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SME Financing: Investigation of Firm and Industry Effects

  • Ciarán Mac an Bhaird
Chapter
Part of the Contributions to Management Science book series (MANAGEMENT SC.)

Abstract

Empirical evidence from previous studies (Sogorb Mira 2005) and reports (Brierley and Kearns 2001; Cole 2008) suggests that firm characteristics such as size, age, growth, and profitability have a significant influence on a firm’s capital structure. Additionally, a number of studies suggest that asset structure is a primary determinant of firm financing (Bartholdy and Mateus 2008), implying inter-industry differences in capital structures, as firms in industries typified by greater levels of collateralisable assets have the capacity for, and may employ, greater levels of debt than firms with a higher concentration of intangible assets (Brierley and Kearns 2001). Indeed, intra-industry capital structures may be more comparable than inter-industry capital structures (Harris and Raviv 1991). In this chapter, the potential determining effect of firm characteristics on the source of finance employed is investigated by testing a number of multivariate regression models on financing data of firms in the sample. Whilst the multivariate regression approach employed in this study is not original, there are a number of novel features in the statistical methodology adopted and variables tested. Application of regression analysis on survey data is uncommon in finance (De Jong and Van Dijk 2007), particularly in SME finance, as previous empirical theory testing studies conducted multivariate regression models on panel data (Heyman et al. 2008; López-Gracia and Sogorb-Mira 2008). Additionally, this study employs data on sources of internal and external equity, in addition to debt, as dependent variables in regression models. This approach is an advancement on previously published studies, which typically tested regression models employing short- and long-term debt as dependent variables (Heyman et al. 2008), with very few published studies employing a measure of equity as a dependent variable (Ou and Haynes 2006), and none employing both measures. (The dearth of studies employing internal equity as a dependent variable is surprising, considering the well-documented reliance of SMEs on retained earnings (Vos et al. 2007; Cole 2008)). Furthermore, this study employs detailed data on provision of collateral by respondents as an independent variable. This approach is considered novel, as models developed in previous studies typically test firm characteristics such as age, profitability, and size, but do not include means of collateral provision.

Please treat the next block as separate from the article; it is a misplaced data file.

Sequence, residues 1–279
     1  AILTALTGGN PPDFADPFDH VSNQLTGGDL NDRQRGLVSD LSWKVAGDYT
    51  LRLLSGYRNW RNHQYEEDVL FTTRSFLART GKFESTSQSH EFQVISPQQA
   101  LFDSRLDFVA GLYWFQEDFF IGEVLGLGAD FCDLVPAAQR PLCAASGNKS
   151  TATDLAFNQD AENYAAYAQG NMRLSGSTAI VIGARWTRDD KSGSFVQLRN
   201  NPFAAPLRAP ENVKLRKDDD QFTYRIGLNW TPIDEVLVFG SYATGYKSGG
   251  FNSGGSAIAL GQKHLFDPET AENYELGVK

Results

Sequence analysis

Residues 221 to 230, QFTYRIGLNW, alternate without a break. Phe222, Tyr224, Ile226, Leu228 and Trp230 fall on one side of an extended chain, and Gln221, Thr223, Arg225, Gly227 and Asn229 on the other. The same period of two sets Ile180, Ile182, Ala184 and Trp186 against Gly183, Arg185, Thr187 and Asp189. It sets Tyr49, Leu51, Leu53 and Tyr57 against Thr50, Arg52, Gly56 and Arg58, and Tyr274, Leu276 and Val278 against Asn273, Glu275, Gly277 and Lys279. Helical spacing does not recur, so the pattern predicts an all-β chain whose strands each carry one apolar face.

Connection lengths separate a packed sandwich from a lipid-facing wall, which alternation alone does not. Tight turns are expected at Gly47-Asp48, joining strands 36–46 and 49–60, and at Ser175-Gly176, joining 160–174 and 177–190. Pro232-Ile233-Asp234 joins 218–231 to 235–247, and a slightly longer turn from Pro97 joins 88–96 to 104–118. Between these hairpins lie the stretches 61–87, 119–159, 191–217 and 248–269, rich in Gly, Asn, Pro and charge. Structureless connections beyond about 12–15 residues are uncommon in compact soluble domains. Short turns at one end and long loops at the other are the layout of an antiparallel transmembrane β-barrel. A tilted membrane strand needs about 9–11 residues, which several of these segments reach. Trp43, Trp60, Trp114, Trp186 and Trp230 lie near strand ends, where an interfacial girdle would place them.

Keywords

Capital Structure Debt Financing Seemingly Unrelated Regression Firm Owner Sectoral Difference 
These keywords were added by machine and not by the authors. This process is experimental and the keywords may be updated as the learning algorithm improves.

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Copyright information

© Springer-Verlag Berlin Heidelberg 2010

Authors and Affiliations

  1. 1.Fiontar Dublin City UniversityDublin 9Ireland

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